The next three steps will familiarize students not only with the artists but with the people and companies that have been a part of the artists' careers. Since Step 4 is best completed as a group activity, you may wish to start the entire project by breaking students into groups and either assigning one artist per group or allowing students to choose an artist from a list.
Step 1. Students will read one artist's entry in the Encyclopedia of Theatre Dance in Canada/Encyclopédie de la Danse Théâtrale au Canada. For a list of suggested artists click here. They will make a list of dance artists, dance companies and choreographic works mentioned in the entry. ( to View Sample)
Step 2. Students will look for and read all other entries in the ETDC that can be found using the list they have just made. They will make notes for each entry that relates to the career of their assigned artist. ( to View Sample)
Step 3. Students will be able to make connections between people and companies providing further context for their assigned artist's career. They should begin to develop questions about this person's dance life and may wish to repeat Step 1 using a list that is generated from the entries read in Step 2. ( to View Sample)
Step 4. Students will now explore further research and writing. Teachers may wish to divide each group so that half of the members of the group are responsible for Further Research and the other half are responsible for the Writing portion of the project. All members of the group will work together to prepare their subject's dance "family tree" as outlined below.
Further Research: For this portion of the project, students will learn how to use the Canadian News and Periodical Indexes. If your school's library is not equipped with these indexes, then it is necessary for students to visit a community library. Students will have the most success searching under the general heading of "dance"; however, they can also search under the name of the idiom practiced by their chosen subject (e.g., ballet, modern dance, classical Indian dance, etc.) and under the subject's name.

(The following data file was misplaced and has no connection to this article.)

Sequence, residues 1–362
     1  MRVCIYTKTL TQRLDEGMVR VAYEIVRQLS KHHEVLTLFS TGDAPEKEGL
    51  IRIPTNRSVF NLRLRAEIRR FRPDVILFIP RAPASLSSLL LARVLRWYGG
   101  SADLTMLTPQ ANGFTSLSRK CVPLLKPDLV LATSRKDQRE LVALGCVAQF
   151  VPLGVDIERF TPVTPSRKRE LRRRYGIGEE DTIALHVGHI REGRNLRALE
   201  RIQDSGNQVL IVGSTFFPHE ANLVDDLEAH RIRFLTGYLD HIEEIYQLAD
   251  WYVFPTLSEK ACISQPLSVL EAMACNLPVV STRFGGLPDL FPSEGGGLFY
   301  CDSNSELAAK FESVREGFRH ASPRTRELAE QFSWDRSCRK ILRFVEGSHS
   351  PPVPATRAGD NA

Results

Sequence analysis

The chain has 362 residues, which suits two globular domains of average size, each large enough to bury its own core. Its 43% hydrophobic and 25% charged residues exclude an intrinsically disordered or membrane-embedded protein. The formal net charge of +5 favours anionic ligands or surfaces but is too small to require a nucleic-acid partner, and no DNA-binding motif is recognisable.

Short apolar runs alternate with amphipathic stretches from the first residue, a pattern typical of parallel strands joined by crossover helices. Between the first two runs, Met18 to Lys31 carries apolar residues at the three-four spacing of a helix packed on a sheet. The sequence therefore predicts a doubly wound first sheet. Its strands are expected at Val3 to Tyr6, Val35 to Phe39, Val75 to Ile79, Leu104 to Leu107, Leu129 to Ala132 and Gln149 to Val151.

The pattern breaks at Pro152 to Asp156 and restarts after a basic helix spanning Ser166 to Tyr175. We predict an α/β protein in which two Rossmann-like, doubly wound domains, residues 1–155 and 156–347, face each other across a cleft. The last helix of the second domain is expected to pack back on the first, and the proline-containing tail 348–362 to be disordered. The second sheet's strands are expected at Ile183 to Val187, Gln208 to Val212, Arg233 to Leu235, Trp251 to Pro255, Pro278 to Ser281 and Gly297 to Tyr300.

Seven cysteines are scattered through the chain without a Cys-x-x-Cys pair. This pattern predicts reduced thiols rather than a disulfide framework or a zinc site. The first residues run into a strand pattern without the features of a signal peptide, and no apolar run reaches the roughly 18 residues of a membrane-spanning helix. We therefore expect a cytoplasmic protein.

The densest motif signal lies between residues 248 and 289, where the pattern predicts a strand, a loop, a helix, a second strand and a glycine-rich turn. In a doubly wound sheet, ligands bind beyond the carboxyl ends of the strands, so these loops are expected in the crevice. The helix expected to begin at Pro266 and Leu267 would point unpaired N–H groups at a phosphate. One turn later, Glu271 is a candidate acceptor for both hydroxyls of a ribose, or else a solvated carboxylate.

After searching through the Canadian News and Periodical Indexes, students can access print articles through microfilm, microfiche and print publications within the library.
Search engines on the World Wide Web provide another research alternative as many current dance companies have web sites. There are also a number of books published about Canadian dance artists -- students will have access to that list starting on page 670 of the Encyclopedia of Theatre Dance in Canada/Encyclopédie de la Danse Théâtrale au Canada. Further information on books published by Dance Collection Danse Press/es and currently in print can be found in ShopDCD, DCD's online bookstore (www.dcd.ca/shop).
Each group's researchers will share the research with the rest of their group and together develop thoughtful and provocative questions to ask the artist in a mock interview.
Writing: Each group's writers will analyse the artist's life and work and develop an article suitable for a newsletter or magazine on Canadian dance history. If your school already uses software for designing projects such as school newspapers and yearbooks, then you may wish to actually produce a newsletter or magazine for this Canadian dance history project.
Students and teachers should identify a target audience for this writing and then design compositions accordingly. You may want students to explore writing in an informal magazine style where borrowed ideas and quotations are attributed within the text and not through the use of footnotes, endnotes or a bibliography.
Step 5. Each group will create a dance "family tree" about the artist considering the questions outlined in the "Objectives" of this guide. When building a tree diagram of the subject's artistic lineage, the students should note the people with whom their assigned artist studied, and the companies and choreographers with whom the artist worked. If the artist is a choreographer or teacher, then a list of students or dancers should also be added to the "family tree". (This final list can be fairly general. For example, Fernand Nault choreographed works for Les Grands Ballets Canadiens. Instead of creating a list of each individual dancer with whom he worked, the students can simply state "dancers of Les Grands Ballets Canadiens" followed by an approximate time span.) ( to View Sample)